Now what would be great is if Bauer is invited to appear on The Star Wars Show, Lucasfilm’s official YouTube program, to talk about his love for the saga. If Lucasfilm wants to put its money where its mouth is with being all anti-bullying and maybe show that they care about prequel fans too, this would be a great way to do it. And of course, we’ve got his back here!
Prequel Positive posted on Movie Pilot an essay on why Star Wars is more than just a bunch of movies (with quite a bit of discussion about the prequels):
The Star Wars saga gives us heroes we can relate to, that we can look at and say “That’s who I am,” “That’s what I would do.” We see this in Luke with his never-wavering faith in his father’s goodness, and Leia’s amazing ability to take control of any situation and never uphold the virtues of her mother, Padme, who was not only a very capable leader able to keep her cool during the invasion of her home planet, but who has always stood up for what was right, and Finn, who turned his back against the First Order and had the courage to fight for the good of the galaxy.
Jykdrumz on his blog World Of Peacecraft wrote about seeing TPM as a young boy and his affection for Jar Jar:
First off, I was the right age to find him quite funny. I loved his design, I loved his movements, and I sure as heck loved his pidgin-speak. This style of speaking was, in my eyes, a great form of world (or in this case, galaxy) building. While the original films include some characters who speak alien languages entirely, in most cases they clearly understand the Basic English being spoken to them by the humans, and said humans clearly understand their language as well. To me, Jar Jar and the other Gungans represent people in the real world who may learn and understand another language, but will never be completely comfortable speaking that language fluently. How do I know Basic English is not the Gungans’ first language? Because when Jar Jar first takes Obi-Wan Kenobi and Qui-Gon Jinn to the underwater Otoh Gunga city, the camera explicitly shows two shocked Gungans exchanging the words: “Hu me gusa?” “Hata hata.”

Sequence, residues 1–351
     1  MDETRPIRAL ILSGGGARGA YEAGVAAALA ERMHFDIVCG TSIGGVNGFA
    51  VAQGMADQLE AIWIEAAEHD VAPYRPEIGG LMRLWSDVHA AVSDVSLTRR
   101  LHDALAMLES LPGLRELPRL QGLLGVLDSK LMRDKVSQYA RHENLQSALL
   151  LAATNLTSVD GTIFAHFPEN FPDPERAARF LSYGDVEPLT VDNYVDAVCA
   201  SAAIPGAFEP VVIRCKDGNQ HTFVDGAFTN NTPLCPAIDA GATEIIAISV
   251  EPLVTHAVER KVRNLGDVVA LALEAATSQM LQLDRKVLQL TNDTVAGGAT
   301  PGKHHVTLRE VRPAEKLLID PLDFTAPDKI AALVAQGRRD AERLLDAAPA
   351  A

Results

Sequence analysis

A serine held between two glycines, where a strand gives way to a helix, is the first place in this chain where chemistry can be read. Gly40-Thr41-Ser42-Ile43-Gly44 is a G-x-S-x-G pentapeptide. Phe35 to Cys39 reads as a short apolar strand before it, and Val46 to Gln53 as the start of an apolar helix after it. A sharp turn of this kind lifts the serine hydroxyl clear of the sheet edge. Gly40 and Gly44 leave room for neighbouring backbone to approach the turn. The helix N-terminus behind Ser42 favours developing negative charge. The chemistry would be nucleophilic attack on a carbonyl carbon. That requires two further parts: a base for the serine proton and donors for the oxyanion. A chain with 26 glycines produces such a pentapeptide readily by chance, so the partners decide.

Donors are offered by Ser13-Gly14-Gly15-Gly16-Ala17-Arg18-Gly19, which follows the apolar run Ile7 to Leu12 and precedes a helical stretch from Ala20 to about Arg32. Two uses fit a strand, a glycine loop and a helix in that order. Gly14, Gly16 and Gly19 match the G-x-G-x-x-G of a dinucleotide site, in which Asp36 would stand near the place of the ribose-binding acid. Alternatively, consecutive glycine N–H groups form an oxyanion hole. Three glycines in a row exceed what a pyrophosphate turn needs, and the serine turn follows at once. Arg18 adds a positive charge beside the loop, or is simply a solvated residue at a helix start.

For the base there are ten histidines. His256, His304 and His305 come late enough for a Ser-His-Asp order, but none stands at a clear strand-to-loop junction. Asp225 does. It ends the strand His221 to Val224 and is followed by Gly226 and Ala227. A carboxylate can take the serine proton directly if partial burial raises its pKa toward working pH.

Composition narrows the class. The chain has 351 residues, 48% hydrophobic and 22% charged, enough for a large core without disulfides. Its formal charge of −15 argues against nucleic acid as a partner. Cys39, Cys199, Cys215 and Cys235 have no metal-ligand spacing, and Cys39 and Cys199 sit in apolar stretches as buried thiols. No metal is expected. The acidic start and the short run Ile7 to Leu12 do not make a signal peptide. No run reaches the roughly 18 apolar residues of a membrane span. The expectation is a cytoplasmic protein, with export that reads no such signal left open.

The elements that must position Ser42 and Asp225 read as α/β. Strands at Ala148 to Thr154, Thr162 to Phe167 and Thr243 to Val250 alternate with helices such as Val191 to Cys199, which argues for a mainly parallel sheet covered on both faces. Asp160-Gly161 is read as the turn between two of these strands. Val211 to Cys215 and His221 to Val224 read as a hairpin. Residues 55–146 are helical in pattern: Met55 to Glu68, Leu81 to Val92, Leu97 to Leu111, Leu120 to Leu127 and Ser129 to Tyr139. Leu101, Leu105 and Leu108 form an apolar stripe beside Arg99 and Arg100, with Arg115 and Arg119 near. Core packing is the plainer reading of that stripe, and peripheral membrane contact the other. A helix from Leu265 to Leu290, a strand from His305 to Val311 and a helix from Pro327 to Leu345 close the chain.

“The Prequels Strike Back” now available on Amazon, VHX, and YouTube.
George Shot First is running a promo where if you purchase the film digitally and submit proof, you’ll get a 15% off discount on your next order!
Eleven Thirty Eight.com has an essay I think many of you here will enjoy. The author is a fan who got into Star Wars through the prequels and here he is expressing what the films mean to him:
It was the most transformative cinema experience of my life. I was pulled through the screen and into a galaxy that was bigger and richer and open to more possibilities than I could have imagined. From the renaissance beauty of Naboo to the towers and skyscrapers of Coruscant, it was true cinematic magic.
It also fulfilled my desire to know more. There was the Republic and the Senate that I had heard of, and the Sith – a name I had read but had never seen defined. Most of all, there were the Jedi at the height of their powers. The speed, athleticism and ferocity of the duel between Qui-Gon Jinn, Obi-Wan Kenobi and Darth Maul took my breath away, and it still does so today. It fired my imagination, and I spent many hours daydreaming about being a part of that world. The gloomy foreshadowing of Anakin’s eventual fall to the dark side assured me that this was just the beginning of a spectacular journey.